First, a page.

History Of Wyoming

08/11/2014

Lets get this out first.  Wyoming is not named after the state!  The first house in the area of Wyoming, Ohio today was built by the Pendery family in 1805.  Three events help Wyoming's population grow in the early to mid 1800's.  The building of Springfield Pike in the early 1800's brought people in the area.  The Miami-Erie Canal was completed in the late 1820's in neighboring Lockland.  Development in around the canal started in the Mill Creek Valley.  Many of those factory workers chose to build their homes in Wyoming.  In 1851, a railroad was completed along the Wyoming-Lockland border, which brought more building of homes in the area.  In April 1861, Colonel Robert Reily held a meeting to name the village.  The name Wyoming was selected because it reminded residents of a beautiful spot in Pennsylvania that was called Wyoming.  The village was incorporated in 1874.  The local leaders were very progressive and by the 1890's the town had a water works, sewers, an electric plant, and school buildings..  In 1946, a master plan was adopted by the village.  Three years later, Wyoming became a city when the population past 5000.  Wyoming's population has remain fairly staple the last 30 years.  Today there are around 8400 people in the city.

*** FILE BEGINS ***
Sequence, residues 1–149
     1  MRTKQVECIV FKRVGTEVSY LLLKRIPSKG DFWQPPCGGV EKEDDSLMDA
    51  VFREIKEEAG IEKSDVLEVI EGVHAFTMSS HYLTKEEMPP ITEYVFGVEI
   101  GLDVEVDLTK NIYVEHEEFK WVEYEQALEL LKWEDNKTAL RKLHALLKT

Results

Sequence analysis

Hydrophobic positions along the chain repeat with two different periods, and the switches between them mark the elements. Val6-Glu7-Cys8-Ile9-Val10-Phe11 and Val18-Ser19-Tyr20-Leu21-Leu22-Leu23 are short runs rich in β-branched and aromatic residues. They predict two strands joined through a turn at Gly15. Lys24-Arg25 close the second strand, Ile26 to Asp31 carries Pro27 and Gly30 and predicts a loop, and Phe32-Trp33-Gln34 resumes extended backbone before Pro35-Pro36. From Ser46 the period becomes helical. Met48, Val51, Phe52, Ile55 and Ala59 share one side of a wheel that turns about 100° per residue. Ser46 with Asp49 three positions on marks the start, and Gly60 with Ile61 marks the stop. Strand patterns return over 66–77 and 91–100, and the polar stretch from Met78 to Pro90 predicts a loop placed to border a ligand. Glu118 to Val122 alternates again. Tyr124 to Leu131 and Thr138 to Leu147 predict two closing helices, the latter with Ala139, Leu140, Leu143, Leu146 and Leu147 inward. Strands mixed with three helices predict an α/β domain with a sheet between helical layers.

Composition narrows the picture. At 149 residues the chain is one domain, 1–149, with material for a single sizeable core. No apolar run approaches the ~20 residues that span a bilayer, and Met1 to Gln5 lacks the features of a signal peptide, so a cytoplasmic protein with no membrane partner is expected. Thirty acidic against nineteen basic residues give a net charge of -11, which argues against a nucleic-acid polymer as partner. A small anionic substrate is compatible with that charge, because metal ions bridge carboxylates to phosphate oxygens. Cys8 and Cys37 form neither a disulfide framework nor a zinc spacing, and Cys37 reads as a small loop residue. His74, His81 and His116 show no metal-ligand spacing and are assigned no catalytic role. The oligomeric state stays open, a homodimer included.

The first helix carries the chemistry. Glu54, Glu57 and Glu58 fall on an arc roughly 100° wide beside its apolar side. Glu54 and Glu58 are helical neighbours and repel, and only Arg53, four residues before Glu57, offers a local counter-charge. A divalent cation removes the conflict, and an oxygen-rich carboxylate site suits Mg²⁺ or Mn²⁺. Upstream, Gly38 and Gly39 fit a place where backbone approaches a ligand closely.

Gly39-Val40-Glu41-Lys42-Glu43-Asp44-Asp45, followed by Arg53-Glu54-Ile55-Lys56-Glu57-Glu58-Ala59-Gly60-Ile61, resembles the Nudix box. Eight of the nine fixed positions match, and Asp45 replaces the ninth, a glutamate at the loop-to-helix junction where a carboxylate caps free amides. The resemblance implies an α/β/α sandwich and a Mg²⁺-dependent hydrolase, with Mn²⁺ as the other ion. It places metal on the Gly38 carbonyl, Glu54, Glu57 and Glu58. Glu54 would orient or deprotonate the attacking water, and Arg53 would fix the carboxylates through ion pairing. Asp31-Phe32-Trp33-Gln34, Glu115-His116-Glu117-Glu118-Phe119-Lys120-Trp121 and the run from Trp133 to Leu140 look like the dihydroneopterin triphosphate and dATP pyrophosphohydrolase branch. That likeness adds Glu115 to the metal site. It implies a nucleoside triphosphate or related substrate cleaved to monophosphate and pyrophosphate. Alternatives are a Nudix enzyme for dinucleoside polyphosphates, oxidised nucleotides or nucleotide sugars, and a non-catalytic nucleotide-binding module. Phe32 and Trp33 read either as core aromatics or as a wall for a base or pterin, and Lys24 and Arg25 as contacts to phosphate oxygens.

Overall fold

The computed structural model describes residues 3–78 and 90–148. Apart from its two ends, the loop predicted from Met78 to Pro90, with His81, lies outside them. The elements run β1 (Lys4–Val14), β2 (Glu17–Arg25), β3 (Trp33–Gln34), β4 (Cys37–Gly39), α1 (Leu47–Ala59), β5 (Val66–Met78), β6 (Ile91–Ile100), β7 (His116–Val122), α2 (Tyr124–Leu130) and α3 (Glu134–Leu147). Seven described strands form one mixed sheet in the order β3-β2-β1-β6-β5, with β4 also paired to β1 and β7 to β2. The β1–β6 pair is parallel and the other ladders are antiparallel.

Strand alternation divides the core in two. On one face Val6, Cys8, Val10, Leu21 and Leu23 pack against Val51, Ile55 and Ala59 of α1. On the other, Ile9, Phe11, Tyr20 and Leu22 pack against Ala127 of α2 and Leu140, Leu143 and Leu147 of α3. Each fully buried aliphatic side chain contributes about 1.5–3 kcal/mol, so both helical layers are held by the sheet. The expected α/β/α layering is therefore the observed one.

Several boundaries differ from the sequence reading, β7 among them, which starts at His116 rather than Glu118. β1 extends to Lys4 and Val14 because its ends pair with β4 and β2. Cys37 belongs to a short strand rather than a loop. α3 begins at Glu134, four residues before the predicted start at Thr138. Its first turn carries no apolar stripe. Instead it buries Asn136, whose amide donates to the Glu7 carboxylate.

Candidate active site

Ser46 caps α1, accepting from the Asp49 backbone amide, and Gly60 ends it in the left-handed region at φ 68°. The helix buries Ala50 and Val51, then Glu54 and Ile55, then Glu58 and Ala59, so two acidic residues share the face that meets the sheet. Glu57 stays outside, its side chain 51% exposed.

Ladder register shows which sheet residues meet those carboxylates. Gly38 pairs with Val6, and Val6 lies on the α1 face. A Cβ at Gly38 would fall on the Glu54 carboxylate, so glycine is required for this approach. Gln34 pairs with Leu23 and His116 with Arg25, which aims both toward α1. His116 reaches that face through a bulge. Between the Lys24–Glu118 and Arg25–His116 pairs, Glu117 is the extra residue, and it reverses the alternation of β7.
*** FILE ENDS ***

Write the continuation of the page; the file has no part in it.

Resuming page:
Wyoming school district has 3 elementary schools, a middle school, and a high school. The high school use to be in the middle school building but moved to a new building in 1967.  A new addition was added in 1999. There are just under 2000 students in the district.  Wyoming schools have consistency been not only one of the top districts in Ohio, but one of the best nationwide in academics.

Some interesting Wyoming facts... Tracy Smith, a Wyoming grad, is a CBS news correspondent. David Payne, also a Wyoming grad, won a silver medal in the 2008 Olympic games in Beijing in the 110 hurdlers.  Another grad, Deena Deardruff, a swimmer, was on a gold medal 4 x 100 team in the 1972 Olympics.